Giving Thanks

Published November 22, 2011 by Deb Ragosta

As I thought about what I wanted to write this week, my mind kept going back to the fact that in a few days, another Thanksgiving will be upon us.  The holiday means different things to different people, especially as we grow up and become adults.  For some, Thanksgiving means planning a day to spend with family or friends and either travelling to them or entertaining them in our homes.  For some, Thanksgiving means scouring the ads and planning one’s Black Friday strategy.  For some, however, it means facing the first major holiday without a loved one.  Most of us have been there and many probably agree that the thought of having that empty seat at the Thanksgiving table casts a sad pall over the thought of not only the Thanksgiving celebration, but of the coming weeks as we head towards other holidays.

In the past few months, we have lost several women who were regular posters on bcmets.org.  We miss them, not only because they are no longer a part of our group, but because they represent what lies ahead for us.  One day, the “sad news” will be about our own passing, posted by a grieving loved one or another poster who knew us or came across our obituary.  Although it is morbidity that might be unimaginable to some – for women and men with metastatic breast cancer, it is reality.

This will be my third Thanksgiving and holiday season since my own mets diagnosis (20 years following my stage 1 diagnosis).  I’ve now had more than 2 years to think about what I could possibly give thanks for.  To be honest, my first Thanksgiving following my diagnosis in 2009 was filled with sadness and uncertainty.  I looked around the room at the big family gathering and pictured future gatherings without me.  The fact that my ex mother-in-law, who I adored, had died from lung cancer earlier in the year didn’t help.  In 2010, I was invited to my daughter’s boyfriend’s parents’ home.  Since I hardly knew them, most of the day was filled with small talk and honestly, with the exception of my daughter, not having to be surrounded by family actually helped me because I didn’t have to spend the day trying to show how good I was doing to relatives who saw me once or twice a year and expected me to be sick because I have advanced cancer.  I still wasn’t ready to “give thanks,” though.  As we headed to this year’s holidays, I decided that I was ready to give thanks, because, in reality, I do have many things to be thankful for.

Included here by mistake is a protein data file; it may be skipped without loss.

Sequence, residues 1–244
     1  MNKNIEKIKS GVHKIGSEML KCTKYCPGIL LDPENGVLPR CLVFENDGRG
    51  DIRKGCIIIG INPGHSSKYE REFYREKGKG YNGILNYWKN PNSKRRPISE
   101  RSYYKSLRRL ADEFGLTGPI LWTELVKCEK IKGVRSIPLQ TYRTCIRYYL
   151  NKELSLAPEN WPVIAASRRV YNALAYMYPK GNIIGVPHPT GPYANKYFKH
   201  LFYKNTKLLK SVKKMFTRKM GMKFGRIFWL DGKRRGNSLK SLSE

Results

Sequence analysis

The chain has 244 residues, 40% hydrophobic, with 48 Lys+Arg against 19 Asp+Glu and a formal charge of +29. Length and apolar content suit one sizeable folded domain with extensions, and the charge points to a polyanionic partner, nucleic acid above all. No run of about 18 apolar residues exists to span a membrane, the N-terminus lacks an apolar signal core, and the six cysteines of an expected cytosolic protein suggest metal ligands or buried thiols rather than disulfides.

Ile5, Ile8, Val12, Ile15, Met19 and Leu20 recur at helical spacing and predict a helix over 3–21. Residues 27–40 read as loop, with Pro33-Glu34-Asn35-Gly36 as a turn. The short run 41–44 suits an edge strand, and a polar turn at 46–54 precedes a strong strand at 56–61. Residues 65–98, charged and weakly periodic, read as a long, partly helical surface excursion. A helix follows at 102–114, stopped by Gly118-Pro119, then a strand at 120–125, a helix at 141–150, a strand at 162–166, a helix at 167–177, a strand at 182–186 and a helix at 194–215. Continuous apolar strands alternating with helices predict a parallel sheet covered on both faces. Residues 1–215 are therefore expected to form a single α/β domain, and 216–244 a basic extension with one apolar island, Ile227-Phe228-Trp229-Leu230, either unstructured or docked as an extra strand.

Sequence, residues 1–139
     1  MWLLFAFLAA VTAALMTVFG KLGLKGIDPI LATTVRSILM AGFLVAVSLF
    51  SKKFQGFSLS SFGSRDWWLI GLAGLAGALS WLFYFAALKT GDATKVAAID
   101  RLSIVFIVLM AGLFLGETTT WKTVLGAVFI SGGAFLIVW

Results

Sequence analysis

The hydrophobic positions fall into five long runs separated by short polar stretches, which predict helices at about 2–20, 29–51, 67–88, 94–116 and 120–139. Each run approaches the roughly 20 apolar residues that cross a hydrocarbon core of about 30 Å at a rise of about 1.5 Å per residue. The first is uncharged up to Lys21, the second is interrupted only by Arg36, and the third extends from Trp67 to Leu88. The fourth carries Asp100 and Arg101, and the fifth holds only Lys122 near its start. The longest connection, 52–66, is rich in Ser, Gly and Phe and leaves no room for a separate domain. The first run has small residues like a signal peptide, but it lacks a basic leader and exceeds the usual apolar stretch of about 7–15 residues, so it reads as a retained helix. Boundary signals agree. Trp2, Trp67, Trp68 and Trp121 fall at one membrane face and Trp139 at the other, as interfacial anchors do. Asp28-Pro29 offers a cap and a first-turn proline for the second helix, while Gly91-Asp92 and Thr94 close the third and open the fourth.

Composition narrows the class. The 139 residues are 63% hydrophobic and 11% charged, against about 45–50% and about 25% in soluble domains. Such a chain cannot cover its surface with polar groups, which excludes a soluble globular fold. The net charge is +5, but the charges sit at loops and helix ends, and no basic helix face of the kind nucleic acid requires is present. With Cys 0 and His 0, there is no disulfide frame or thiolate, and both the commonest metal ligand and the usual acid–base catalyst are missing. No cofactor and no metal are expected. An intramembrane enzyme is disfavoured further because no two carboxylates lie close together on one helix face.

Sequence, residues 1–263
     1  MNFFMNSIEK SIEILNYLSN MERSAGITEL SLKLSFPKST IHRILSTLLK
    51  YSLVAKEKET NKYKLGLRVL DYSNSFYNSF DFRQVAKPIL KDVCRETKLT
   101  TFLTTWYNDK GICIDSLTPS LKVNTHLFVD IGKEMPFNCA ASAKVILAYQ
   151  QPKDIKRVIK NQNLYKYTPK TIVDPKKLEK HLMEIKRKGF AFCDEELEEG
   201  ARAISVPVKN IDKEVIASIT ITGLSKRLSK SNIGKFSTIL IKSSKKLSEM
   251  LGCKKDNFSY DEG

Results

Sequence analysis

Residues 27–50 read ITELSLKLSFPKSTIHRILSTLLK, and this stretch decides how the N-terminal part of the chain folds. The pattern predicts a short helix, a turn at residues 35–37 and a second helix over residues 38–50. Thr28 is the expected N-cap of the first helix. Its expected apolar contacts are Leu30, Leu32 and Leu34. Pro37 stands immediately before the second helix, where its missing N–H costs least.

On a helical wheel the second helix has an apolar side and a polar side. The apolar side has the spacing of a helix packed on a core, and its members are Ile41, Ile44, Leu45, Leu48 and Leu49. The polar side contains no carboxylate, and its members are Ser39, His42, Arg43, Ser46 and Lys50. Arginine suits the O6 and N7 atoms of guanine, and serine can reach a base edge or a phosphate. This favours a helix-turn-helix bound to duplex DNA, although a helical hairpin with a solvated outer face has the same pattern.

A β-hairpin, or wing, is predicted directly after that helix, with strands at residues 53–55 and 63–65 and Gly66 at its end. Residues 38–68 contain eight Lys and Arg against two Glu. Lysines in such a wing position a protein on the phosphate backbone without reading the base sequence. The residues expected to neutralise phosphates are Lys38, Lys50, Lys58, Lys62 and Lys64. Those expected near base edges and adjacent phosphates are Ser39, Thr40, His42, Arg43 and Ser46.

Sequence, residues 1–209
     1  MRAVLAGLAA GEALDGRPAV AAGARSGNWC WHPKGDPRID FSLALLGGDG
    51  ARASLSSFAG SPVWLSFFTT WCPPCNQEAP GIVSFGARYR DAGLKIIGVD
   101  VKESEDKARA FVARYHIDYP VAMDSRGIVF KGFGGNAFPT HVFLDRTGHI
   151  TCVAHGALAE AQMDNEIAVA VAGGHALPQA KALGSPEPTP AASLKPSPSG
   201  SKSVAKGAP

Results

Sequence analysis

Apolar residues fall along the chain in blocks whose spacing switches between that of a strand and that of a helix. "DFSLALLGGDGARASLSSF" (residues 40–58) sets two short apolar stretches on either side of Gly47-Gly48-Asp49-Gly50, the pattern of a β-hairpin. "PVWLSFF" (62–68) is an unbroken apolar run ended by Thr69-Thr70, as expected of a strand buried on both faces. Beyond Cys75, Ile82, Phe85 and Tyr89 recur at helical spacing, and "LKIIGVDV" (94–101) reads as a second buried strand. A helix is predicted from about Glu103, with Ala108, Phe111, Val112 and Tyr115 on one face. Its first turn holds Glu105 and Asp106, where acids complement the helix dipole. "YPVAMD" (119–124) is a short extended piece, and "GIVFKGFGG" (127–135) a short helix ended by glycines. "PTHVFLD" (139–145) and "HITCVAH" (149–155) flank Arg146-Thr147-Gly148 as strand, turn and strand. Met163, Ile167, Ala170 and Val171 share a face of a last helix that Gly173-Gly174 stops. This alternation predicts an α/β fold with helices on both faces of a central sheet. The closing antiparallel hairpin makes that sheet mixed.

Of course, I am thankful that my cancer hasn’t spread.  It’s still in my back and has made no move.  (Passing the 2-year mark in October was huge for me!)  Once again, I will be spending Thanksgiving with the family who are now my daughter’s future in-laws, as she and her wonderful fiancé will be marrying in June, 2012 – yet another thing to be thankful for.  I am thankful for those who have passed, as they left me a very powerful message about facing metastatic breast cancer with dignity and grace – never giving in to the part of cancer that can so easily strip our soul and spirit.  Most of all, however, I am thankful for my family, friends, co-workers and medical team.  Without their continued support, I could not walk my walk.  They lift me in the moments I need them and are always willing to laugh with me on the good days and cry with me on the bad.  I am incredibly lucky to have them in my life and although it’s taken me more than two years, I can finally say I give thanks for my wonderful life and can once again wish others a “Happy Thanksgiving.”

May God Bless you on this Thanksgiving, and always – on the good days and the bad!

Don’t Stop Believing!

Deb

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7 comments on “Giving Thanks

  • A friend of mine said that she will not view Thanksgiving as a lone opportunity to give thanks, but as the ‘mascot’ for the rest of the days of the year for which we should all give thanks. Make each day count, live well, love fully and regret nothing.
    We’re all in this together.

    Like

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